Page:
It's that time of year again at my employer... now that we've stuffed ourselves with turkey and enjoyed a 3 day work week, invitations to an "anonymous" employee survey have gone out. For whatever it matters, it's through some external company that we're presumably paying for the privilege.

Related to this old question asking about the possible downsides of honestly answering an "anonymous" employee survey, I'm wondering about what possible upsides there are to me, as an employee, for actually completing this thing... mostly because I can't think of any. My instinct and operating assumption has always been that there isn't any upside, and to avoid filling these surveys out, or just lie and say what they want to hear if I'm unable to avoid doing it.

I'm extremely secure in my position at my present employer, and have no fear or concern about the obvious downsides of honestly completing this survey, so I'm trying to figure out if there's any possible upside to me to completing this thing (either honestly or dishonestly), or if my instincts are right, and it's a complete waste of time for me, at best.

In response to the comments, the text of the email that was sent out inviting us all inviting us to take the survey (which was the only communications on the matter) is below.

[3rd party company contracted to perform survey] Survey
[Employer company name] asked us to collect your honest thoughts about your workplace.
Could you take five minutes to answer this confidential survey? 
    Begin Survey     
We were hoping you could finish by Friday, December 7th. 

Any questions or concerns? Just reply and we’ll be happy to help! 
[3rd party company contracted to perform survey].
  • 2
    Has the company really not given any reason as to why the survey is going out? Even something generic like "we want to know what you think so we can improve things for all of us"?
    – user34587
    Nov 27, 2018 at 16:22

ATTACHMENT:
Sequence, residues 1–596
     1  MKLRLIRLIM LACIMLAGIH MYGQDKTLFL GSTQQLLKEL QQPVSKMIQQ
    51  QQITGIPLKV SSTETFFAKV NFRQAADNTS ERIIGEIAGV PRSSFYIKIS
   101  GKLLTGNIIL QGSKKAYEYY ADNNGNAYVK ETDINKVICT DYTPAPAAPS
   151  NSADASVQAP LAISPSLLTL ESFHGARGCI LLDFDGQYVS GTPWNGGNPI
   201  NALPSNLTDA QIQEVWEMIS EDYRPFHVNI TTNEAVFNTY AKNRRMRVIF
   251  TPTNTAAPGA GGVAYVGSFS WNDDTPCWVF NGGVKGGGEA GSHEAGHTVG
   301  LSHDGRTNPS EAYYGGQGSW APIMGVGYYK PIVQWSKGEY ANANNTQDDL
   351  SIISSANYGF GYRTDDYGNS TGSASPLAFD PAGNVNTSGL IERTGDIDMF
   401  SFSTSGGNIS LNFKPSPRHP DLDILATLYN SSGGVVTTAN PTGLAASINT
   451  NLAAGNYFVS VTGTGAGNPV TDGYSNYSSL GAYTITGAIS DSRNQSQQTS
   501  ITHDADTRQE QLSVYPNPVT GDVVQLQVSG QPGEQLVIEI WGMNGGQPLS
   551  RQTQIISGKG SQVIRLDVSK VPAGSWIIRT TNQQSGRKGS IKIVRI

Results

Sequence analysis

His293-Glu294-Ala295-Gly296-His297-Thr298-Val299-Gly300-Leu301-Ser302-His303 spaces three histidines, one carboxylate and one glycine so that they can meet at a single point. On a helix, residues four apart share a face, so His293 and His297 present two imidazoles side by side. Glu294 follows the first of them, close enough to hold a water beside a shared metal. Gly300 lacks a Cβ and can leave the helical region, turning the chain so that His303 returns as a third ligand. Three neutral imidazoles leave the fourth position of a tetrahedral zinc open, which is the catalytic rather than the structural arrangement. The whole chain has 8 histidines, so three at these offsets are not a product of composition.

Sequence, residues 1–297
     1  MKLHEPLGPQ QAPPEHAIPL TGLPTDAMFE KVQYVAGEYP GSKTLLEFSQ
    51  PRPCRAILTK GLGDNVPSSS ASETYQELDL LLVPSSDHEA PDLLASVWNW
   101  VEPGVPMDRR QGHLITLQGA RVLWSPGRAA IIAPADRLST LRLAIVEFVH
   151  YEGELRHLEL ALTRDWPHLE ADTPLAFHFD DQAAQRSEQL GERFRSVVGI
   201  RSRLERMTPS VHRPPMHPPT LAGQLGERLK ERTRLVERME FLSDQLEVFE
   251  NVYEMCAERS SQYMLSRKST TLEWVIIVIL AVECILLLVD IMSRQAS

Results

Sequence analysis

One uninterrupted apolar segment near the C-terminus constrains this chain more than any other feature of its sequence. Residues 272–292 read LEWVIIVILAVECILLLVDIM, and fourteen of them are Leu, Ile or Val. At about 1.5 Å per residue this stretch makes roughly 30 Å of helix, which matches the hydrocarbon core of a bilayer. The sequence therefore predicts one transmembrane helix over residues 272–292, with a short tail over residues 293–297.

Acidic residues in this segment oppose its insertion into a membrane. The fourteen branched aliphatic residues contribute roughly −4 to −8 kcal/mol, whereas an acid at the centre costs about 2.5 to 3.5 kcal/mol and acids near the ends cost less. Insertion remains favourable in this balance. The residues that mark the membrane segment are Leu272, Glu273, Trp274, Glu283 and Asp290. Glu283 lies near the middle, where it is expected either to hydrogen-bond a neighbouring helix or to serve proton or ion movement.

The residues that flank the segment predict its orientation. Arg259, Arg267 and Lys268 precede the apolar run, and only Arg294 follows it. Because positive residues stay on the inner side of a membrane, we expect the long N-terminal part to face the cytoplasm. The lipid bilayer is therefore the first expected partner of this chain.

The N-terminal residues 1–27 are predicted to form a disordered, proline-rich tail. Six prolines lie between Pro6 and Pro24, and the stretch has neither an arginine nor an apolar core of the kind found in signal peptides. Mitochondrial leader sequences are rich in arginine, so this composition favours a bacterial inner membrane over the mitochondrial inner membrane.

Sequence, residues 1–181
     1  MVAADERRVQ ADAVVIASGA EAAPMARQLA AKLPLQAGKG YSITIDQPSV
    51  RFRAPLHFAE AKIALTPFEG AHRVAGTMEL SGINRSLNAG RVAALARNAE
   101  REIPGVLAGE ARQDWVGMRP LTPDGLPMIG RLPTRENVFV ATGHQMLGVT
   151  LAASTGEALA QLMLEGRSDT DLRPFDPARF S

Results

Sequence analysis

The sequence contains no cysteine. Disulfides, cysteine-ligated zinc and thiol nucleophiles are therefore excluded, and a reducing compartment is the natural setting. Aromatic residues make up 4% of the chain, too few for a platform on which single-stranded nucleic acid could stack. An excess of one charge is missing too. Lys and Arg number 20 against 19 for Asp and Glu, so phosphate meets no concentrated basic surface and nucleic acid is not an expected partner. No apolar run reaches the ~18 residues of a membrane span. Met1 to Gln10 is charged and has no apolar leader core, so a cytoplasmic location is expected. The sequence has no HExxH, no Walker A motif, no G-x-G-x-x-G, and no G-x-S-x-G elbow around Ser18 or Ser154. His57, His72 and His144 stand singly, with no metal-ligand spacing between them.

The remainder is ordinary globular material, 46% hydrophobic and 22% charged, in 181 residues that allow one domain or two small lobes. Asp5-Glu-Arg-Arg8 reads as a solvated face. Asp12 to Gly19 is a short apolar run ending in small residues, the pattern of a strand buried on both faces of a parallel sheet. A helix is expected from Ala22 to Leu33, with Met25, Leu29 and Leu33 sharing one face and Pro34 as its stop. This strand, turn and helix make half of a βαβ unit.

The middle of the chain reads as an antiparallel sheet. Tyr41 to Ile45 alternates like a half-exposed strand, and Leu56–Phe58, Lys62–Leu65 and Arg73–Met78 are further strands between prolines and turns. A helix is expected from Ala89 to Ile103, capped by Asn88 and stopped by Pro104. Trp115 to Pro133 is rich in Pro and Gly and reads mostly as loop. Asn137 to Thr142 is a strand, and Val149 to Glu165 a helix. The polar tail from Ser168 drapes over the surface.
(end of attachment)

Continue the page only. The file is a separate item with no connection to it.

• 1
    This question is hard to answer because all we can do is give "theoretical" responses, not concrete answers based on any specific employer. It's also unfortunate that answers to "should I trust my employer's motives?" will likely get mixed in with answers on what those motives may actually be.
    – dwizum
    Nov 27, 2018 at 16:54
  • 1
    These kinds of surveys are rarely truly anonymous. Trust me. Someone has administrative access and can see who sent in each answer. I would not respond to any of these.
    – user91988
    Nov 27, 2018 at 16:54
  • 3
    @only_pro Why so negative? Is it so inconceivable that there might be employers out there who actually want to improve the working conditions of their employees? Not all companies perceive their staff as the enemy. Sure, there might be some companies which would use such surveys against people, but you shouldn't assume that they all act in bad faith.
    – Philipp
    Nov 27, 2018 at 16:59
  • 2
    If that email you just edited in was, literally, the ONLY communication you've received with respect to this survey, my first step would be to validate that it's real and was actually sent on behalf of your employer (versus being a phishing attempt).
    – dwizum
    Nov 27, 2018 at 19:08

2 Answers 2


Are there things that you would like to see changed? Do other employees feel the same? If multiple(many) employees report the same concerns, they are more likely to be addressed. You may have already spoken to your management about these issues, but individual feedback doesn't carry the weight the consistent feedback across a survey population would.

It comes down to trust, do you trust that your management chain/company leadership are committed to making improvements and not using the data against you? On the other hand, if you don't trust them, I'm wondering why you still work there. I would not work for a company or manager that I don't trust.


Possible downsides to not participating include

1) If it is measuring 'engagement' then low participation will be almost as bad as negative answers. If you work in a satellite office and they're trying to decide which one to close, you don't want to be the one with the worst participation.

2) You empower vocal minorities. Sometimes these things do drive small policies. If there's a choice between flex time and strawberry ice cream in the cafeteria and only people who ride transit and have to arrive at set times answer....

3) Real example of lying on/ignoring these things blowing up in your face: company asked satellite office employees "Would you be willing to relocate to HQ for a competitive package?" Everyone says "yes" cause they want to sound positive and look like team players, in reality nobody actually has any interest in moving across the country for any price. HQ says "Awesome, let's close that overpriced out of the way office." (Who knows, maybe they would have closed it anyway, but I have seen that scenario play out in person more than once.)

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